Did you know that Miltonduff is the 7th largest working distillery in Scotland? I bet you didn’t, and I bet that many of you have never heard of this distillery either! Well let’s change that right now.
The story begins in 1824 when an illegal farm distillery by the name of Milton in Scotland’s Speyside region was granted a license to distill, following the passing of the Excise Act. After its founders, Robert Bain and Andrew Peary received the license they added the word ‘Duff’ to the end of the name. The Duff family was the actual owners of the land on which the distillery sat.
The distillery worked steadily until 1935 when it was purchased by Hiram Walker Gooderham and Worts’. The owners who eventually became known as Chivas Brothers needed a steady flow of malt for their burgeoning Ballantine’s Blend. Most of Miltonduff’s malt production is still used for Ballantines with the remainder going directly into Chivas’s numerous other blends.
As a result, official distillery bottling’s are rare to non-existent. However Gordon & MacPhail (G&M), Scotland’s Oldest Independent Bottlers, have a unique relationship with the present owners. G&M have the exclusive right to bottle small quantities of malt every year with consent from the distillery. They do this under a pre-approved label that has been in use for many years. I particularly like the Miltonduff label for its traditional and classic tones of gold and green with a lovely picture of the distillery.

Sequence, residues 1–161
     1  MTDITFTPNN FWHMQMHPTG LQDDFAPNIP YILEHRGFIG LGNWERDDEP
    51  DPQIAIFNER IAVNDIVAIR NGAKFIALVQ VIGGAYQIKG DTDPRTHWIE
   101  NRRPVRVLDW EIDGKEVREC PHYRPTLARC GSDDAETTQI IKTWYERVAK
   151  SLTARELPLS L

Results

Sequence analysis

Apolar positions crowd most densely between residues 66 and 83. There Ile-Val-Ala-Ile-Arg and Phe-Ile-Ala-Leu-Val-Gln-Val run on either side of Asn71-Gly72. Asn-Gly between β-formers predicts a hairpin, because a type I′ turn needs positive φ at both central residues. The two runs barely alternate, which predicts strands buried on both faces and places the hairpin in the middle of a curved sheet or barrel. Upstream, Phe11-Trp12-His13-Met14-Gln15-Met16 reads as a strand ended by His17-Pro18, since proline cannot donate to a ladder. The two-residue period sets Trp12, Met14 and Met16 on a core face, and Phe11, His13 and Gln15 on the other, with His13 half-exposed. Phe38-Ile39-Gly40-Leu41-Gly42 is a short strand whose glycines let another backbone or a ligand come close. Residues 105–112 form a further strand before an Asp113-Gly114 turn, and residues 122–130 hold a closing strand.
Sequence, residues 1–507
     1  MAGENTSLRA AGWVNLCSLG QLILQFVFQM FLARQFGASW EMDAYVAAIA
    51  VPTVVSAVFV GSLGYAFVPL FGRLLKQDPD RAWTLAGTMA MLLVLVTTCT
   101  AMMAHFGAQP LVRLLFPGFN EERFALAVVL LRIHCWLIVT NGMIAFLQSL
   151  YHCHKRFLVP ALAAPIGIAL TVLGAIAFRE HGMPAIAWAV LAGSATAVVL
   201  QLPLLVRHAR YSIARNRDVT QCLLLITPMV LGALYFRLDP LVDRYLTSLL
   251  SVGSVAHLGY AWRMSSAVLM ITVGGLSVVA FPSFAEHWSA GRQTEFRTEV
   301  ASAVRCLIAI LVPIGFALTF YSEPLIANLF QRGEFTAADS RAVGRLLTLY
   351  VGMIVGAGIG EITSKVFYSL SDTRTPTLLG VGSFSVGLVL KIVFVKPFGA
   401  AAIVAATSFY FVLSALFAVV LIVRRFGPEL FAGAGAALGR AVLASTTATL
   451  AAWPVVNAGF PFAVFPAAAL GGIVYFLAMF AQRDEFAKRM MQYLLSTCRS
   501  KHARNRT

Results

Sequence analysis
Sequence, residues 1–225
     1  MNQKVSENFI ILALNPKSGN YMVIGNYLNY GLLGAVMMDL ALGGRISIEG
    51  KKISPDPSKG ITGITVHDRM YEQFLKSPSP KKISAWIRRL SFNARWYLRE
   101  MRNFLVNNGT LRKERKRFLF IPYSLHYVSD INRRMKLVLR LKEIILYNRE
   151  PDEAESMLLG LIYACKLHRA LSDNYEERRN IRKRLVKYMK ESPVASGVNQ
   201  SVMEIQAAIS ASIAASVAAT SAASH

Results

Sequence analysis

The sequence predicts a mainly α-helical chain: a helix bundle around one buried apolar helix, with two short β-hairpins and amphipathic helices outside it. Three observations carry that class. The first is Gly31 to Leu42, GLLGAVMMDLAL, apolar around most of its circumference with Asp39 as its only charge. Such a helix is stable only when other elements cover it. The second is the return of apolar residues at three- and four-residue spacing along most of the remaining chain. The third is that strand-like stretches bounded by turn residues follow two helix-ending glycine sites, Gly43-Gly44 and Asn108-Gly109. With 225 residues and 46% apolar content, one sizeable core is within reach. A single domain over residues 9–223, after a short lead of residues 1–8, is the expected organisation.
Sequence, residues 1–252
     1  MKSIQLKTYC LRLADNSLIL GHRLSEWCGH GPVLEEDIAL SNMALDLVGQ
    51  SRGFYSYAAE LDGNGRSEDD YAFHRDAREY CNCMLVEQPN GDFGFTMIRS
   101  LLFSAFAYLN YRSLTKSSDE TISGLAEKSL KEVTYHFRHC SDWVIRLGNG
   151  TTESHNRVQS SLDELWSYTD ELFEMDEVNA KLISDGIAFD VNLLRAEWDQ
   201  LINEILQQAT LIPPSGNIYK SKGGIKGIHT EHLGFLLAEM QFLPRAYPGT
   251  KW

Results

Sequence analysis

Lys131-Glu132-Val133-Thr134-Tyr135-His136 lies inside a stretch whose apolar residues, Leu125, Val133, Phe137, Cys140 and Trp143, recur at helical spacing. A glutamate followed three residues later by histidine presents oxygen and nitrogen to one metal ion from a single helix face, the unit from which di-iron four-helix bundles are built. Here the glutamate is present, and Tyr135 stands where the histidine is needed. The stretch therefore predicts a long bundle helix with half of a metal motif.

The end result is a win-win for everybody. Chivas Brothers do not have to market and sell yet another malt, and can instead concentrate on selling their money making blended Scotches. G&M get to do what they do best, that is bottling rare and unique whiskies and bringing them to an appreciative audience who, have not been swayed by big brand marketing companies. Vine & Table gets to have a very rounded selection of whiskies that include well known brand names along with many lesser known malts. And finally you the consumer, who without specialist retailers like ourselves, would never have the pleasure of indulging in more esoteric malts.
So how does it taste? This 10 year old has all of the attributes of a classic Speyside malt, light yet firm in body with notes of summer flowers, orange marmalade and buttery fudge. The use of sherry casks is clear but the sherry character never dominates. It has a good finish with just a hint of pepper and spice. Bottling strength is 86 proof.
I have long liked this expression since I was first introduced to it on early 2009. The price for this whisky is very affordable in my opinion and will not leave you reeling from sticker shock as some other rare malts have a tendency to do!